April 11, 2011 2:33 PM EDT

Contemporary Japanese photographer Rinko Kawauchi creates an imaginary space where the fantastical is possible— evoking ideas of dreams, memory and temporality. The images in her book, Illuminance, span 15 years of work, both commissioned and personal projects, and have the ability to make the mundane extraordinary, leaving poetry in the viewer’s mind. This is even more apparent after the recent natural disaster in her homeland.

In her photos we see an iridescent diamond; a radiant blue sky; an elderly woman making onigiri; an infant suckling on a mother’s breast. At first glance, her photographs seem simple. But her talent lies in the way she is able to evoke the primal in all of us: a depth of raw human emotion. “It’s not enough that [the photograph] is beautiful,” says Kawauchi. “If it doesn’t move my heart, it won’t move anyone else’s heart.”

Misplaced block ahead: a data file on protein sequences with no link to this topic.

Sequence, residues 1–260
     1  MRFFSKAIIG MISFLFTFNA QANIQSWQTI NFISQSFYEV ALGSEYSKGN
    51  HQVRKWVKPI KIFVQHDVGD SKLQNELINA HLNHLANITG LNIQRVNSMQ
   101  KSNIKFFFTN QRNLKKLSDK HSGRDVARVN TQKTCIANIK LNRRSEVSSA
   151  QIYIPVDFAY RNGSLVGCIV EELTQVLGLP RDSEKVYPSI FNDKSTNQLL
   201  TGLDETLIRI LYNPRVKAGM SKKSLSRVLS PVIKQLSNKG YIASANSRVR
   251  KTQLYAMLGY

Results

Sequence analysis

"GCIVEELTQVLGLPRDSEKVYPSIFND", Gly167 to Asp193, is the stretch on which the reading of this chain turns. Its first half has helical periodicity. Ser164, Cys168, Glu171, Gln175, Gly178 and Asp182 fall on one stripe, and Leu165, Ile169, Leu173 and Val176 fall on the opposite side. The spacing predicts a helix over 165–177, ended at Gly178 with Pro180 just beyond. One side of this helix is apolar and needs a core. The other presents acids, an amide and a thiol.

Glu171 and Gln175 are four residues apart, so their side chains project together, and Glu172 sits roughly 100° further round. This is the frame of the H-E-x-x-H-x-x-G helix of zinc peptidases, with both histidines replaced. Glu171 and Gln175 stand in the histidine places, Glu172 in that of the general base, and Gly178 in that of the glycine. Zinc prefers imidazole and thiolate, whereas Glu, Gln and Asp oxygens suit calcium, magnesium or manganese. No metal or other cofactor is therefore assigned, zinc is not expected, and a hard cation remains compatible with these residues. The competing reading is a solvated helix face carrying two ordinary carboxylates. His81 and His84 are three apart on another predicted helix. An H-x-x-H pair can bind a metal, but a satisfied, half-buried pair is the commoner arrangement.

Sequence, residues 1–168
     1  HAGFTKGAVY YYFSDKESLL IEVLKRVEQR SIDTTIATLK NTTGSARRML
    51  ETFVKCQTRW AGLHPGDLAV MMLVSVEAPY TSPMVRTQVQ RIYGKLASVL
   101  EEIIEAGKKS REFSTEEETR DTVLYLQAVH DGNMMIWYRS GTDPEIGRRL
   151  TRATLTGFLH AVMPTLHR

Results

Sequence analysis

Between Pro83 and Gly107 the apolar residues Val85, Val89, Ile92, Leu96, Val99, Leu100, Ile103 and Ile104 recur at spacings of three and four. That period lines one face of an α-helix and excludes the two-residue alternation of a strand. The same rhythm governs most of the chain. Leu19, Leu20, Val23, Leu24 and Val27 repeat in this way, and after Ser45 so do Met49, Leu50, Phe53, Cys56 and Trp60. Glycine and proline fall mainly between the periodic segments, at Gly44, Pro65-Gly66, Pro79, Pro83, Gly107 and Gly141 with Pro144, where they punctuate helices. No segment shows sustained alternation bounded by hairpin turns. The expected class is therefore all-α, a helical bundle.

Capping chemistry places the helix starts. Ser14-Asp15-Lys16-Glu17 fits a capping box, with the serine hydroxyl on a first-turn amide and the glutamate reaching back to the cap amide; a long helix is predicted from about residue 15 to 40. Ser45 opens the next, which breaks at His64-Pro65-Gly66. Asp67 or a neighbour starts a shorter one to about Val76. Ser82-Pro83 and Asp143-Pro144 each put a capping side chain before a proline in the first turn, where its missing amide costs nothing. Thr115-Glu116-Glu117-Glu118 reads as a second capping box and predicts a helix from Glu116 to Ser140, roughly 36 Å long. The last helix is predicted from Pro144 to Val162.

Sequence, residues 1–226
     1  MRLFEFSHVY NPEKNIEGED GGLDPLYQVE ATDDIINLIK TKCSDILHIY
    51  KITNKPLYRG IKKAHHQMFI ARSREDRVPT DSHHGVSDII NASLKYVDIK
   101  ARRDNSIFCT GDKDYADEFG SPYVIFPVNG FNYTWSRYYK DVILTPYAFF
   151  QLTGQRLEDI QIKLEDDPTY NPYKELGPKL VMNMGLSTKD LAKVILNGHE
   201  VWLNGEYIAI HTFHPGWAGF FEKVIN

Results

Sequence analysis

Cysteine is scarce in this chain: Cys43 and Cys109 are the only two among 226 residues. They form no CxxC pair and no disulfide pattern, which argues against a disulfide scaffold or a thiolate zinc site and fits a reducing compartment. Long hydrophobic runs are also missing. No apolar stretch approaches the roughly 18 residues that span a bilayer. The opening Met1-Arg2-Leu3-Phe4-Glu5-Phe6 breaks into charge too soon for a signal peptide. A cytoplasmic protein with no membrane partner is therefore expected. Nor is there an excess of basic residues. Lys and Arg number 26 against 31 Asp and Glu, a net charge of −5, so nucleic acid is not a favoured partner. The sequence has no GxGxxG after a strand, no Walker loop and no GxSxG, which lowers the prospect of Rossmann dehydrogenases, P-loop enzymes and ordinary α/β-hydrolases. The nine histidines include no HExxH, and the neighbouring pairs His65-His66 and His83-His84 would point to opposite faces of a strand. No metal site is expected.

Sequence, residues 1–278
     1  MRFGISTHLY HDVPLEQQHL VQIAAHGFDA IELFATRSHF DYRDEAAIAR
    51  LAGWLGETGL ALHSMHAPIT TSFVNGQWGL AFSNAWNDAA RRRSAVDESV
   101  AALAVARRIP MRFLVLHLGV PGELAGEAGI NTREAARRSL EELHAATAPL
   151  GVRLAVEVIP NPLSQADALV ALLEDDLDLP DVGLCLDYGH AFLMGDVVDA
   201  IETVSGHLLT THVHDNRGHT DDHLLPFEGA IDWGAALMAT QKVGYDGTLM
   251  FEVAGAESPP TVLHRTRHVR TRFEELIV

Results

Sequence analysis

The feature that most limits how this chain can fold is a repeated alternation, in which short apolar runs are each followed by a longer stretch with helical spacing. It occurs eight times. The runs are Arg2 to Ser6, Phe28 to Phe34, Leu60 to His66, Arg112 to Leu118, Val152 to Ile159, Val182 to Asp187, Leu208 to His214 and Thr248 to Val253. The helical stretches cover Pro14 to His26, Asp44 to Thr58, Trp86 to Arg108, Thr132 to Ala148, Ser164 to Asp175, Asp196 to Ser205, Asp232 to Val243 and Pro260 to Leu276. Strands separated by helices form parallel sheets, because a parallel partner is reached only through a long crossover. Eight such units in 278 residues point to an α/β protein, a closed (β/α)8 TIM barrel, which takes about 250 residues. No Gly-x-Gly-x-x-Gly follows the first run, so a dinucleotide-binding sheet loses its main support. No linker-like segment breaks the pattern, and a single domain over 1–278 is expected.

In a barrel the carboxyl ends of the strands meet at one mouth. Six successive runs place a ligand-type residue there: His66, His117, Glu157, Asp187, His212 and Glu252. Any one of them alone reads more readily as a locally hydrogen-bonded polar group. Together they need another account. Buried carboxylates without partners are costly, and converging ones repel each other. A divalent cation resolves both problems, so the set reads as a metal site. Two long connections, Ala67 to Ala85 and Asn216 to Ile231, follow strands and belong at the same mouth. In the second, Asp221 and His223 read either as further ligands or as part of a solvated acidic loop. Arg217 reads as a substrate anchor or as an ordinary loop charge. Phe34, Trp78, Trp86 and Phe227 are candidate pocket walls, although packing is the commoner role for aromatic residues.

A distinctive trait of her work lies both in the sequence and the juxtaposition of her images. This editing, she says, “differentiates between a photograph and an artwork. Seeing two images next to each other opens up the imagination and gives birth to something else. Flipping through the pages of the book, it can arouse feelings of excitement, sadness, or happiness—things that are hard [for me] to do with words.”